The True Meaning of the Term “Adulting:” What Parents Need to Know

As my kids wound their way through high school, I scrambled to teach them things I feared I had overlooked. I was focused on tasks they had never done on their own, like buying cold medications or booking a flight. I had a growing “to do” list of skills I thought they needed to master before they left home. 

But soon I came to see that, while these skills were useful, and even essential, they are not the most important things teens need to learn from their parents. 

I was their first teacher, their life’s teacher (along with their Dad). What they needed most from us were the things that would help them have positive relationships and make responsible decisions as independent adults. 

They needed us to teach them the things they couldn’t learn on YouTube or through a quick text exchange as they sat on the laundry room floor of their dorm. The life skills our teens needed were less around how to remove stains and more what is known as “social and emotional learning.” 

While this may all get lumped under the heading of “adulting,” there is a big difference between being able to roast a chicken or get your driver’s license renewed (See: Google or texts to mom) and handle the big things, like caring for others and themselves, learning to manage stress, setting goals, rebounding from disappointments, and assessing risk. 

Essential life skills our teens need to learn before leaving home 

Rebounding from disappointments

As adults we know there are so many ways we can react to a setback. We can doubt our ability and give up or we can work or practice harder and redouble our efforts. The strongest message we can give our teens, is that life is always about the effort. 

Sports works as a great analogy in explaining this. The score in any one game can be impacted by weather, referees, the opponent or simply luck. We have no control over these external factors but what we do have the ability to manage is how hard we work and how we react to events.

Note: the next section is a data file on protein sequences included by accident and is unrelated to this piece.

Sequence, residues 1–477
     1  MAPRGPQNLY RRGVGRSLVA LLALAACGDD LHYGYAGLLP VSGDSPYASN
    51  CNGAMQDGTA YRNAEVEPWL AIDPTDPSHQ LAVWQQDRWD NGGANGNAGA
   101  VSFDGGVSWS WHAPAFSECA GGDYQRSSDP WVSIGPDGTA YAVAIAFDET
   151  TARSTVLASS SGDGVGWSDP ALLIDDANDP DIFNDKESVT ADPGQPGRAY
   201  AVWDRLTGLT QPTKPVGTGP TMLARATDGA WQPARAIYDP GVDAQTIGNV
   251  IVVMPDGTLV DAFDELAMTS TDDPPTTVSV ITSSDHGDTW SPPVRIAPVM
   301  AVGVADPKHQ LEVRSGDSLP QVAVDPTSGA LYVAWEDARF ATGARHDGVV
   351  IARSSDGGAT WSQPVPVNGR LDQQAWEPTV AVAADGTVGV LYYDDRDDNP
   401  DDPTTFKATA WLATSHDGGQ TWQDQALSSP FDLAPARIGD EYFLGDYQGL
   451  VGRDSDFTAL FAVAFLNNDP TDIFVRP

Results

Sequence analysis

When we send  the message to our teens that we care about their effort, preparation, and focus, we give them the tools to bounce back after disappointment. When we praise them for working hard at a summer job or studying diligently for an exam, rather than for the grade they might have earned, we give them the means to succeed. We send a message that we value effort and resilience. 

How can we do this?

We can start by sharing with them our own failures and setbacks and how we responded. Here is a chance to tell them of our own disappointments – academic, professional or personal – and how we turned a situation around. 

As parents, we can model a growth mindset by showing them how we achieved things that we once thought were beyond our grasp through hard work. We can be honest about how difficult and even insurmountable some of our challenges might have felt at the time. We can remind them of times they were able to do the same. Our seeming success as adults can loom large in their lives; it is a gift if we tell them our own stories of obstacles and restarts. 

We can help them put disappointments into context. Many teens have felt saddened by the events, experiences and just daily life that they missed this year. They have been forced to give up seeing friends, and maybe missed a musical performance, a graduation, a sport or a summer job. 

We can send a message that feeling let down is both natural and easily understood, and even if others “have it much harder,” they can still feel bad for what they have lost. But we can also help them to put those feelings into a larger context.

All over the country we have seen teens creating musical and dance shows out of cancelled school performances; we have seen them volunteering and giving back to their community and we have seen them strengthening their real-world friendships with creative online communication. Our teens will watch how we, as their parents and teachers, react in this difficult moment and it is an extraordinary opportunity to model the power of resilience. 

Caring for others

Part of moving from childhood into adulthood is understanding your role and responsibility towards a larger community, whether that is your school, neighborhood, a religious community or your family. According to the Making Caring Common Project at the Harvard Graduate School of Education,

Empathy is at the heart of what it means to be human. It’s a foundation for acting ethically, for good relationships of many kinds, for loving well, and for professional success.

Making caring common project

This time of national struggle may be one of the best moments to teach our children about empathy and caring for others beyond themselves. It may be our chance to do some of our very best, our most impactful parenting. 

Why do we say that?